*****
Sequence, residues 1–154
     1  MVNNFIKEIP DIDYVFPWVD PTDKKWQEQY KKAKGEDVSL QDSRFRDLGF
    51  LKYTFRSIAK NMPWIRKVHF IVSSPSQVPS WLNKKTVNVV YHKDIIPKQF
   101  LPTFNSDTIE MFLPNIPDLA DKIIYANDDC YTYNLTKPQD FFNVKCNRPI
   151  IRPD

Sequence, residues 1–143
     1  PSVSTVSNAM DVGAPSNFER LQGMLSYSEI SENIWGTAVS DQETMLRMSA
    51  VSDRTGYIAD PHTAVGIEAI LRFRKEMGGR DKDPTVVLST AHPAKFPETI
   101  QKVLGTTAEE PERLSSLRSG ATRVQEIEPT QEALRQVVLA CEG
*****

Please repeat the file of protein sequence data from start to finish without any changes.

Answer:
Sequence, residues 1–154
     1  MVNNFIKEIP DIDYVFPWVD PTDKKWQEQY KKAKGEDVSL QDSRFRDLGF
    51  LKYTFRSIAK NMPWIRKVHF IVSSPSQVPS WLNKKTVNVV YHKDIIPKQF
   101  LPTFNSDTIE MFLPNIPDLA DKIIYANDDC YTYNLTKPQD FFNVKCNRPI
   151  IRPD

Sequence, residues 1–143
     1  PSVSTVSNAM DVGAPSNFER LQGMLSYSEI SENIWGTAVS DQETMLRMSA
    51  VSDRTGYIAD PHTAVGIEAI LRFRKEMGGR DKDPTVVLST AHPAKFPETI
   101  QKVLGTTAEE PERLSSLRSG ATRVQEIEPT QEALRQVVLA CEG